Newly Diagnosed

What to expect when you have just been diagnosed

When you have just been diagnosed, you should:

  • have a full medical examination and discuss with a member of your diabetes healthcare team any immediate treatment you need; your concerns and unanswered questions; your feelings and reaction to being diagnosed.
  • receive an explanation of what is on offer for you to learn more about diabetes and keeping well. This includes diabetes structured education and general self-management courses, as well as other sources of information and support.
  • see a registered dietitian (either an individual appointment or as part of a group education course) to discuss what you usually eat, how this relates to your diabetes, and what other information and support will guide you to eat a healthier diet.

Coming to terms with diagnosis

Diabetes does not wait for a convenient time in life to be diagnosed.

It is not unusual for people to experience some of the following thoughts and feelings:

  • I was healthy and now I’m ‘ill’ – it feels unfair and I’m angry/depressed.
  • What I eat may be risky and that makes me anxious.
  • I have to change my whole life, what if I can’t manage?
  • It’s all my fault.
  • If I change my lifestyle perhaps my diabetes will go away.
  • Complications are inevitable.
  • My body is out of control, I feel helpless.

These feelings are very common and part of the process of adapting to having diabetes. Having thoughts like these does not mean that you are not coping but maybe that you need more information or support.

What to expect with your treatment

If your diabetes is treated by insulin your care should include:

  • contact either, face-to-face, telephone, email or text messages with your healthcare team. This will be frequent at first, as you learn how to inject, look after your insulin, syringes, insulin pen, or insulin pump and how to dispose of needles known as sharps.
  • being shown how to test your blood glucose and test for ketones (if appropriate) and be informed what the results mean and what to do about them.
  • being given supplies of, or a prescription for, the medication and equipment you need.
  • a discussion about hypoglycaemia episodes, often referred to as hypos, when and why they may happen and how to deal with them.
  • an examination of your injection sites to check insulin can be absorbed properly.

If your diabetes is treated by other medication or by healthy eating and physical activity, your care should include:

  • information about testing your blood or urine glucose at home and a discussion of what the results mean and what to do about them.
  • supplies of, or a prescription for, the medication and equipment you need.
  • a discussion about hypoglycaemia (hypos) episodes if relevant to your treatment, when and why they may happen and how to deal with them.

What to expect from your ongoing care

Once you have received initial information and treatment, your ongoing care includes:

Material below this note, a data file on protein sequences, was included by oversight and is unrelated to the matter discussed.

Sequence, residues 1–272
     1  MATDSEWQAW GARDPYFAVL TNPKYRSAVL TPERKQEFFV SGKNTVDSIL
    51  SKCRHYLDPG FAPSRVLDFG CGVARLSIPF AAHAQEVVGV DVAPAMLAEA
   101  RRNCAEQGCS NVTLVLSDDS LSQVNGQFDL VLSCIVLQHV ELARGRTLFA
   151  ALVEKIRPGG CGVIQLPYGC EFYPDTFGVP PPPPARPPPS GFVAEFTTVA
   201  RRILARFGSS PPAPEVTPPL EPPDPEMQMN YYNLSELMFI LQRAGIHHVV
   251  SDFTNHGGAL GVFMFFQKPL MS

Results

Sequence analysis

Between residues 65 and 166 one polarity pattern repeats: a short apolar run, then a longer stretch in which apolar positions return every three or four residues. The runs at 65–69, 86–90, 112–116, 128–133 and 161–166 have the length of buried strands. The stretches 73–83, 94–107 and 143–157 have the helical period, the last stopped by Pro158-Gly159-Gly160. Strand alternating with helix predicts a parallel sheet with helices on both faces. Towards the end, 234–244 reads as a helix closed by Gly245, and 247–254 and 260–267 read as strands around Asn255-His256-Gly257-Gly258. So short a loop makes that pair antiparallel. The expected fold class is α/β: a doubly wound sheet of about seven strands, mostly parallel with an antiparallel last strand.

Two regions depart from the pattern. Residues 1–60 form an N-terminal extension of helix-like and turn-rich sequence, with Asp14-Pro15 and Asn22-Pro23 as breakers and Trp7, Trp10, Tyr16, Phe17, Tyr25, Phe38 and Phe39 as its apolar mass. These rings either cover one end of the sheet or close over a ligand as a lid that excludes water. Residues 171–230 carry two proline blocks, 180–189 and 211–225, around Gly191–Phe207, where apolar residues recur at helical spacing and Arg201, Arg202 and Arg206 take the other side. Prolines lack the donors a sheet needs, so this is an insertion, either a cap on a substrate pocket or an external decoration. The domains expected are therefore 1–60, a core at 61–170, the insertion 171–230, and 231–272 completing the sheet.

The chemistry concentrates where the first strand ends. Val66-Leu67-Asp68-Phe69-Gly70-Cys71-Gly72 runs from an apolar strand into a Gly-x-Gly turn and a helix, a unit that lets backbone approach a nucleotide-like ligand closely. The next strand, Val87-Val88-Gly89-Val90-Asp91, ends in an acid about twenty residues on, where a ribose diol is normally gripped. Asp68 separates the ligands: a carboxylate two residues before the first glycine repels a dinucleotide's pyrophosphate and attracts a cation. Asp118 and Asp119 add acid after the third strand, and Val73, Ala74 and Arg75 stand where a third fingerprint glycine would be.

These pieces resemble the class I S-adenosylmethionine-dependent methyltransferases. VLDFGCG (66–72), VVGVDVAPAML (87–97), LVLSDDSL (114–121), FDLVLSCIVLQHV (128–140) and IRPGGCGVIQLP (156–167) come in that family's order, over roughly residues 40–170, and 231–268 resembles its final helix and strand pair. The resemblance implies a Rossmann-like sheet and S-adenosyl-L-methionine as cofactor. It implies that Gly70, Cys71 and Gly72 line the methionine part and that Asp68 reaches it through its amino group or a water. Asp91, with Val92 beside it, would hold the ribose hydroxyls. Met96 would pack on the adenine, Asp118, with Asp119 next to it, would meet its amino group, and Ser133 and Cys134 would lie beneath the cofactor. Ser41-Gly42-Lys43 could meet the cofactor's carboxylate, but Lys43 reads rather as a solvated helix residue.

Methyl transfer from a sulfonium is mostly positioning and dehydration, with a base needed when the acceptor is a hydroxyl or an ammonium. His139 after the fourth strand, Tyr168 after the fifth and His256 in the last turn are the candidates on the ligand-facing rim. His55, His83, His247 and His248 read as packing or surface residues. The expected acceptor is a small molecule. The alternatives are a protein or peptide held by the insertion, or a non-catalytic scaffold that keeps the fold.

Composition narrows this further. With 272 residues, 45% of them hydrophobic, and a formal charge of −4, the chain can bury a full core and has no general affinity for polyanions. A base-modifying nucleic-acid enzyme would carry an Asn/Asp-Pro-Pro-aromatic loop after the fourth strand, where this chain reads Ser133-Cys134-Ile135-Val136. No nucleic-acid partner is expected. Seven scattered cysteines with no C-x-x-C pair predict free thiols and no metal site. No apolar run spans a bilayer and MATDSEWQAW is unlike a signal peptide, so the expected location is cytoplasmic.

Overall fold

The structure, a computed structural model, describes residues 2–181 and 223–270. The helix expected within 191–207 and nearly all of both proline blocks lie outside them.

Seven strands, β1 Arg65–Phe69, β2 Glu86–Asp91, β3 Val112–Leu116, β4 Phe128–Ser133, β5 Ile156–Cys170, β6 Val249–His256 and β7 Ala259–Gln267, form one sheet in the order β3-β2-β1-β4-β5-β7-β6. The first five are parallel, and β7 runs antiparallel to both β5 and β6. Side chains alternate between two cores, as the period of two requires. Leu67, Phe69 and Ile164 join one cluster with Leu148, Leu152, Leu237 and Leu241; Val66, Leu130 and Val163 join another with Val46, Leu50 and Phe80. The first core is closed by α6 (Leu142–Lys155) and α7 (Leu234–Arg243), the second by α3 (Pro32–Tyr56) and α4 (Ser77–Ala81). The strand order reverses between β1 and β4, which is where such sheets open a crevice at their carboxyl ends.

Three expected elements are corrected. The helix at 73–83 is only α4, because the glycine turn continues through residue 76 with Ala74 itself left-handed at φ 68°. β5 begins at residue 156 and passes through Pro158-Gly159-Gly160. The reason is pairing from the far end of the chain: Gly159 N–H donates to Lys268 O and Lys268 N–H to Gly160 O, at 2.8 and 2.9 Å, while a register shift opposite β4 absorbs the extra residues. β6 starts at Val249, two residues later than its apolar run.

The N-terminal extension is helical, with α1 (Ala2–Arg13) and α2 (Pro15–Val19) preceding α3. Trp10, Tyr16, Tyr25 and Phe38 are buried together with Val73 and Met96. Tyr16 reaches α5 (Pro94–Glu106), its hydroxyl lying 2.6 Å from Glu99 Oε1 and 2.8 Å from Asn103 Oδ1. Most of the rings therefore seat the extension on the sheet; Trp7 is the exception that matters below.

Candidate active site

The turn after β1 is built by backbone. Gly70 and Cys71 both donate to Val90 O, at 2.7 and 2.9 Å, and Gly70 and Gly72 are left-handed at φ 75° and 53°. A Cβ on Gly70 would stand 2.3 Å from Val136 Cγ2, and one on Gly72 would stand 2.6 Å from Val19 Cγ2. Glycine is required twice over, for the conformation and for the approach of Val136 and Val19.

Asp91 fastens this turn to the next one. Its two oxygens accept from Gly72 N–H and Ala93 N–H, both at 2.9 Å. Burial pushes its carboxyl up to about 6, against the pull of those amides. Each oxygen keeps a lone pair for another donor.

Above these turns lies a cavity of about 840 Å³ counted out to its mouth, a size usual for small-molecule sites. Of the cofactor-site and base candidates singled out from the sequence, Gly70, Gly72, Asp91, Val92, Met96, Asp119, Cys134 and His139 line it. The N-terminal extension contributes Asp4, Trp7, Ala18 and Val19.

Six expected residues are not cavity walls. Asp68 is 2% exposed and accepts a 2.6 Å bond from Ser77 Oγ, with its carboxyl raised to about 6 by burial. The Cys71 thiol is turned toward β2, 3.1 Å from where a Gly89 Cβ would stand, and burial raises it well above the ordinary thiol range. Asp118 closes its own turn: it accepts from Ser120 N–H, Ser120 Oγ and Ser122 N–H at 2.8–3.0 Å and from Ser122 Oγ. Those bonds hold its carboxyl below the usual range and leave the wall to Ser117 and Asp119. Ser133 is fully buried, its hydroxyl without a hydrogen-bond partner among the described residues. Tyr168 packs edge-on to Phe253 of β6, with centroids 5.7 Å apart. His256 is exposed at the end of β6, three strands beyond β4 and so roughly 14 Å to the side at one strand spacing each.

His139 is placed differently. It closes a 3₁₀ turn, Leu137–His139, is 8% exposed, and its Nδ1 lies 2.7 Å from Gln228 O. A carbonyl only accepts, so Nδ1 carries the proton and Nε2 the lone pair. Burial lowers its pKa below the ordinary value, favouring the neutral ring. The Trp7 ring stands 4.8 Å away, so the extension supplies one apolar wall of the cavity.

• a formal annual care planning review with a doctor or nurse experienced in diabetes. This should include a discussion of your tests, examinations as well as your experiences of living with diabetes and any other concerns, needs or anxieties.
  • an eyesight test once a year.
  • regular access to your diabetes healthcare team to assess your diabetes control. This could be every four to six months, or as agreed in your care plan. You should have time to ask questions and to discuss your care.
  • access to a member of your diabetes healthcare team for specific support and advice when you need it. This could be in person or by phone, email or text messages, depending on what methods are used locally.

What to expect on a regular basis

As part of your ongoing care your diabetes healthcare team is there to support you to manage your diabetes. They will:

  • provide continuity of care, ideally from the same doctors and nurses, or if this is not possible, doctors or nurses who are fully aware of your medical history and background and are experienced in diabetes.
  • work with you to continually review and update your care plan, including your diabetes management goals.
  • make sure that you understand and are involved in the decisions about your treatment or care. This means having access to your results with information about what they mean, so you can ask questions and make sure your personal goals are reflected in copies of any communications about you.
  • ask you about how you are feeling and give you information about what emotional and psychological support is available locally
  • if you need it, organise pre- and post-pregnancy advice together with your obstetric team.
  • encourage you to gain support from your friends, partner and/or relatives and from other people with diabetes.
  • provide you with ongoing education sessions, appointments and information on different ways you can learn about diabetes, for example websites, books, leaflets, support groups, courses and conferences
  • offer you a review with your GP/ Practice Nurse.
  • give you information on the effects of diabetes and treatments when you are ill or taking other medication.
  • give you information about how to dispose of your used sharps (insulin needles and/or blood glucose monitoring lancets) and local arrangements for collection of sharps disposal boxes
  • help you access specialist services when you need them, for example specialist foot services.

Further Information and Advice

If you have any queries, concerns or need advice about your diabetes, please contact your GP or Practice Nurse.

Helpful Resources

Diabetes UK:Newly Diagnosed: For all you need to know about being newly diagonised including tips for keeping active and advice on your diet.

Glossary: Confused by words like glucagon and diabetic retinopathy? Cut through the medical jargon with these easily understandable definitions of diabetes-related terms.